Kildwyke (talk) 15:00, 19 October 2014 (UTC)

I would like to lend my support to that which was said by Vdhillon and Omnibus. Interlaker (talk) 17:24, 19 October 2014 (UTC)

Many of these proposals seem like a waste of time. Some involve using traditional forms of marketing to promote the projects when all marketing should be online. Others talk about attracting more contributors when they already have huge numbers. One, the Estonian Wikipedia proposal I'm unsure about as in my experience the vast majority of Estonian-speaking Estonians use the English Wikipedia by default because of the high degree of English language knowledge in the country and the greater depth of the English project. Why are we discussing this? Surely the project with the greater reach will more likely win? Spend the money on server costs and a way of simplifying the Wikitext mess - that's what's stopping people from contributing.--Xania (talk) 17:53, 19 October 2014 (UTC)
To contribute to other languages, people worldwide must learn other languages. Not one single high school in the US teaches a lesser-known language, like Estonian language. Two-year colleges ("community colleges" in the US) offer several languages, not many or all. Four-year colleges/universities in the US offer a few or several languages. The only way to learn Hebrew is attending a Jewish college/university. To learn other languages, a lot of effort is needed. Either a competent teacher with well-spoken language or studying abroad is needed, but either requires a lot of money. Also, which countries accept American dollar for currency trade? How is money paid: in Euros or in Russian rubles? --George Ho (talk) 19:35, 19 October 2014 (UTC)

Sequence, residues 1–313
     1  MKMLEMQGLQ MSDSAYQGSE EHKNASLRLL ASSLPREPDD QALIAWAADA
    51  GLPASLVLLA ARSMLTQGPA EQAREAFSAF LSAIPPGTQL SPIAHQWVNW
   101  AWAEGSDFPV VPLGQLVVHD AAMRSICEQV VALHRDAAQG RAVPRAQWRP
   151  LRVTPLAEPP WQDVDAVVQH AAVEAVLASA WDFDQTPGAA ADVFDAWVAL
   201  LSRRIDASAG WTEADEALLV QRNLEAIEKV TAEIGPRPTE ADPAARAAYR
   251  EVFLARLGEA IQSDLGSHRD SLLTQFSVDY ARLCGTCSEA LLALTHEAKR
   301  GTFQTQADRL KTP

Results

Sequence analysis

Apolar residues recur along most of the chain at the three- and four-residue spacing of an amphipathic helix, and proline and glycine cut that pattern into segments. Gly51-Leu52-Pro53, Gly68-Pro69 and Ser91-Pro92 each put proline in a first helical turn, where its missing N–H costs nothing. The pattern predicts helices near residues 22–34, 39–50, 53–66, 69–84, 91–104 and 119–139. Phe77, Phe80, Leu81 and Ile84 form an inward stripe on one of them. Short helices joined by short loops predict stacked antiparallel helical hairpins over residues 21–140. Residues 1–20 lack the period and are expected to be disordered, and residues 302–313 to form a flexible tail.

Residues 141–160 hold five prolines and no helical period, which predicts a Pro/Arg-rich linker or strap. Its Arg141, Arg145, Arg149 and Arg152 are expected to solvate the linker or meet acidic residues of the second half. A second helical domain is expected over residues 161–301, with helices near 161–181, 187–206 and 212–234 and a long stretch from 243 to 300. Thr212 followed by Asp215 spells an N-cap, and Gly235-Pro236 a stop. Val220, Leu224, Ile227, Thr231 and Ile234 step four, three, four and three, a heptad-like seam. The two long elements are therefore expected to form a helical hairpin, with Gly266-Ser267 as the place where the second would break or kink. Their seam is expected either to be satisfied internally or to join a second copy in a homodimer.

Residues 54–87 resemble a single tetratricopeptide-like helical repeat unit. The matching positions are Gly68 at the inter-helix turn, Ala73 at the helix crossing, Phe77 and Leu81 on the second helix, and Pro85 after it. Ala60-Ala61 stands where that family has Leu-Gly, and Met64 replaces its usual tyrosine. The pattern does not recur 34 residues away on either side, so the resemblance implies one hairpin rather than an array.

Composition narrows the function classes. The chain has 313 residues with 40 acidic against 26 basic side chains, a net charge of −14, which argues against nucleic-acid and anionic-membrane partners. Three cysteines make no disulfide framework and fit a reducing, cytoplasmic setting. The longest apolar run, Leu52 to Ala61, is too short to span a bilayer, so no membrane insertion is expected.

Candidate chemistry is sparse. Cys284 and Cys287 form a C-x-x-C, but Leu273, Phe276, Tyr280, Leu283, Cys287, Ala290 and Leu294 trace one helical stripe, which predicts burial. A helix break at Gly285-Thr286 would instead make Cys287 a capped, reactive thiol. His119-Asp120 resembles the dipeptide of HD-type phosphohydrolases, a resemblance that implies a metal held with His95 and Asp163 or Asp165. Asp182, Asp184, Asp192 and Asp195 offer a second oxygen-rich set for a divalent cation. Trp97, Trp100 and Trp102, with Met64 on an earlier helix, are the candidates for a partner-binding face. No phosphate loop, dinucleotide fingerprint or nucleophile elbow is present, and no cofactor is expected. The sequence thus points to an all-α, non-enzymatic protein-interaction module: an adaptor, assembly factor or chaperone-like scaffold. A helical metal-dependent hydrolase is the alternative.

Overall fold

I agree with the above opinions on that specific language projects, at least major ones, should be self-sustained and our money donated to (global) Wikipedia must be spent on solving overall infrastructure problems and not given out to a specific language's community. Wikipedia servers are slow, Wikipedia markup languages are a mess, Wikipedia's software is buggy, Wikipedia's editing facilities are buggy, slow, and inconvenient, Wikipedia's rendering engine is buggy, Wikipedia lacks research, presentation, and visualization tools -- here is where the global community could benefit from the use of funding: on the core infrastructure and underlying software. Gelbukh (talk) 19:43, 19 October 2014 (UTC)